We use functions in programming to bundle a set of instructions in a self-contained package. A function is a piece of code written to carry out a specific task. Functions are useful when we want to execute a specific task multiple times within our program.

A function typically has two main components:

  1. an input, which can be assigned a default if not specified

  2. an output, which gets return once the code inside the function is finished running

The general structure of a function looks like this:

def task_name(input):
    # task code goes here
    return output 

The input(s) of the function are called parameters.

Built-in Python Functions

Python comes with a wide variety of built-in functions. For example, type() is a function that takes a value or variable name as its input and returns the name of the datatype as the output.


sum() is another built-in Python function that takes in a list of values and returns the sum. Similarly, len() takes in a list and returns the length of that list.

n_apples = [10,20,30]

print(f"sum: {sum(n_apples)}")
print(f"len: {len(n_apples)}")
sum: 60
len: 3

If you want to learn more about a Python function, you can use the help() function:

Help on built-in function sum in module builtins:

sum(iterable, /, start=0)
    Return the sum of a 'start' value (default: 0) plus an iterable of numbers
    When the iterable is empty, return the start value.
    This function is intended specifically for use with numeric values and may
    reject non-numeric types.

How to Define Your Own Function

When defining your own function, here are the steps that you should follow:

  1. Use the keyword def to declare the function and follow this with the function name

  2. Add parameters (inputs) to the function. These go inside the parentheses of the function.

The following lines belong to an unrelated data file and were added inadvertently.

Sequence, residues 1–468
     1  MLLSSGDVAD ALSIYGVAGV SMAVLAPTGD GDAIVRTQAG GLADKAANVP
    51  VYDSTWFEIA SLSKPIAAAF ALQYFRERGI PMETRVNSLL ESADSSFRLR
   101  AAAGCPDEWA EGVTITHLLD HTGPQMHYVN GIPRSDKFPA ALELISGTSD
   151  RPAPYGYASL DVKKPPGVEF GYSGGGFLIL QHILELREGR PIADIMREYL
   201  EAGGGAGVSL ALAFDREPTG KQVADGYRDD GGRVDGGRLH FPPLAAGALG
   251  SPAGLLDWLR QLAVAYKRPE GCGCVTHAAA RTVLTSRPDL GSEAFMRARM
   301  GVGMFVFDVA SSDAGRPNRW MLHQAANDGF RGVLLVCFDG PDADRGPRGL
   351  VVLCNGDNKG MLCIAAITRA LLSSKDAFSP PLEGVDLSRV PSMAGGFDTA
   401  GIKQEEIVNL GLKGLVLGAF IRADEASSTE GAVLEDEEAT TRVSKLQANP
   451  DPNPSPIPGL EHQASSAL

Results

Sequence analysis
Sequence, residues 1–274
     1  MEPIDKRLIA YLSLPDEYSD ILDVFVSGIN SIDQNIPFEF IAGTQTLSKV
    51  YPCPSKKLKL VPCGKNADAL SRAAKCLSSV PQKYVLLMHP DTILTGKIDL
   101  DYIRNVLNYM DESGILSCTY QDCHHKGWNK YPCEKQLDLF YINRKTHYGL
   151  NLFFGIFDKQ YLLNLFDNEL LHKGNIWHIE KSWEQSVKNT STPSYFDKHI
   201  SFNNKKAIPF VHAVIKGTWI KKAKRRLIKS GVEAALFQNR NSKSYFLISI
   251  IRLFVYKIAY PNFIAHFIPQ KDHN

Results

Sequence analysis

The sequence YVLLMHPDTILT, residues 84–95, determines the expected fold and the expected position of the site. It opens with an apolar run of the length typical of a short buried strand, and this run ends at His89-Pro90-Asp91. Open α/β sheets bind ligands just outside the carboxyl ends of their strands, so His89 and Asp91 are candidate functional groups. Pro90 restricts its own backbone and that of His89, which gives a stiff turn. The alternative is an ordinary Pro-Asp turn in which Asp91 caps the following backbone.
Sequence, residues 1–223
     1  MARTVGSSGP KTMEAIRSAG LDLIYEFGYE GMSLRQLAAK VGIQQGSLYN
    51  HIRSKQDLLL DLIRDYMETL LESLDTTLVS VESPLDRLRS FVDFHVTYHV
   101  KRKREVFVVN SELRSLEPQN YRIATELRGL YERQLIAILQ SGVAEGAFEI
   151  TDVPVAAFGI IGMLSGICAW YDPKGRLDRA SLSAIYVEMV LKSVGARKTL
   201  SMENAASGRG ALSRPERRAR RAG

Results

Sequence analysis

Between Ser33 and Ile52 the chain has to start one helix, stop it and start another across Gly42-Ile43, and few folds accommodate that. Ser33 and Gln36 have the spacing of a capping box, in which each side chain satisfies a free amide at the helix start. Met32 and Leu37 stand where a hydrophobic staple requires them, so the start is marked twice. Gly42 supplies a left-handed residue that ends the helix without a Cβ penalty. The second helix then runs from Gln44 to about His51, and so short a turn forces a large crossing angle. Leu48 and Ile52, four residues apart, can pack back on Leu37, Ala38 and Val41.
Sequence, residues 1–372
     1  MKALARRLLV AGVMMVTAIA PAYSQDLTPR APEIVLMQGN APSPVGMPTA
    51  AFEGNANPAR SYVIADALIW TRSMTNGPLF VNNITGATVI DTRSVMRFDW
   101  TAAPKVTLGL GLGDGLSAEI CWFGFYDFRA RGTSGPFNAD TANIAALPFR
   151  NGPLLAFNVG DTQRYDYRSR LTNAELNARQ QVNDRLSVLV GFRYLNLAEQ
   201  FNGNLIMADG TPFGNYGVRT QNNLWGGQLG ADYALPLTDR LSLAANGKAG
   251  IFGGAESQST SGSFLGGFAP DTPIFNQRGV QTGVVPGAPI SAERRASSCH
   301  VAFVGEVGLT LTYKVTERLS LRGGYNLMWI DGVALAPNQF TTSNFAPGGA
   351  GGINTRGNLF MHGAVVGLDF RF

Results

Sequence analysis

3. Add statements (instructions/logic) that the function should execute.

  4. End the function with a return statement so that it returns the desired output.

You don’t need to have a return statement for your function to be valid. What happens when your function doesn’t return anything?

def hello():


Don’t be confused with the function above! It’s printing "hello!" but it’s not returning it.

output = hello()

print(f"Output type: {type(output)}")
Output type: <class 'NoneType'>

Here’s an example that has two parameters (number_1, number_2) and returns the sum of those two inputs.

def sum_numbers(number_1, number_2):
    total_sum = number_1 + number_2
    return total_sum

x = sum_numbers(10,15)

Documenting Your Function

When defining your function, it’s very important to include documentation. A function’s documentation is called docstrings. It typically describes the purpose of your function, what computations it performs, and what gets returned. It also provides information on what your inputs should be.

In Python, there are two main styles for writing docstrings. The first style is Google:

def func(arg1, arg2):
    """Summary line.

    Extended description of function.

        arg1 (int): Description of arg1
        arg2 (str): Description of arg2

        bool: Description of return value

    return True

The second style is Numpy:

def func(arg1, arg2):
    """Summary line.

    Extended description of function.

    arg1 : int
        Description of arg1
    arg2 : str
        Description of arg2

        Description of return value

    return True

Before building a Python application, it’s a good idea to decide which docstring style you want to use. If your docstrings are short and simple, Google’s style is a great option. If you have long, in-depth docstrings, you may want to opt for the Numpy style. That being said, this is mainly a style preference. Both docstring styles are valid.

Let’s re-write our sum_numbers() function with docstrings using the Google style guide.

def sum_numbers(number_1, number_2):
    """Sums two numbers together. 
        number_1 (int): first number to be summed
        number_2 (int): second number to be summed
        int: sum of number_1 and number_2
    total_sum = number_1 + number_2
    return total_sum

Want to see more examples of Python docstrings in action? Check out the code base of open-source Python packages like pandas and scikit-learn for inspiration.